Collecting, Curating, Assembling: New Approaches to the Archive in the Middle Ages, University of St Andrews, September 13–14, 2019
The School of Art History, SAIMS and Special Collections Division at the University of St Andrews are pleased to announce an upcoming two-day conference on the archive in medieval art and thought.
The word archive suggests the acts of taxonomy and conservation, but also interpretation and regulation. Its etymology traces back to the Greek arkheion, thus highlighting the political nature of the physical archive and the act of archiving itself. The medieval world maintained this sense of privileged access. Isidore of Seville connected the Latin word archivium with arca, strongbox, and arcanum, mystery. But the term was malleable, referring to collections of various goods and treasures, not just of parchment records and registers. And yet, Michael Clanchy has argued that the medieval mind did not always distinguish between the library and the archive, as we do today.
The organisers therefore invite proposals on the theme of the expanded medieval archive, as it relates to art and material culture. What can medieval collections, compilations, and assemblages of material things tell us about the accumulation of knowledge and the preservation of memory? How is the archive manipulated to fit political or social agendas, and by whom? What are the limits of the medieval archive? Paper topics and themes may include, though are not limited to:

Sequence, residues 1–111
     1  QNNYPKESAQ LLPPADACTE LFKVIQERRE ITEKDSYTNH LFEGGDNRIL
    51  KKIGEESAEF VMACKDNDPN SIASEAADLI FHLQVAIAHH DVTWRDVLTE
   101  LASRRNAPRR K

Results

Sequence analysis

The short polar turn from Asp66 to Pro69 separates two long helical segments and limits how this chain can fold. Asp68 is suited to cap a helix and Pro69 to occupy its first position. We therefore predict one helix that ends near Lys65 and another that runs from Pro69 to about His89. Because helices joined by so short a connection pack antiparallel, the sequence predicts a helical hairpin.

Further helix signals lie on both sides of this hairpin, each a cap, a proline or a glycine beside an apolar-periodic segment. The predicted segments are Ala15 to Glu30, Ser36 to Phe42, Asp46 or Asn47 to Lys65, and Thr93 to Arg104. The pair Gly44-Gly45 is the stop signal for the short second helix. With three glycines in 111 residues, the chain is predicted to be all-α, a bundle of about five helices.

Records or inventories of collections, secular, civic, and ecclesiastical;
- The archive as a physical object or visual record, including books and manuscripts, buildings, reliquaries, etc.;
- The accretive nature of written testimony in the form of: chronicles, herbals, visitations, necrologies, inscriptions and tituli;
- Time, writing history through the material, and collapsing temporalities;
- The creation and perpetuation of memory, identity, and authority;
- The accumulation and transmission of cultural or familial knowledge via material culture;
- The politics of preservation, documentation, and display in the medieval world, and of the medieval in the modern world.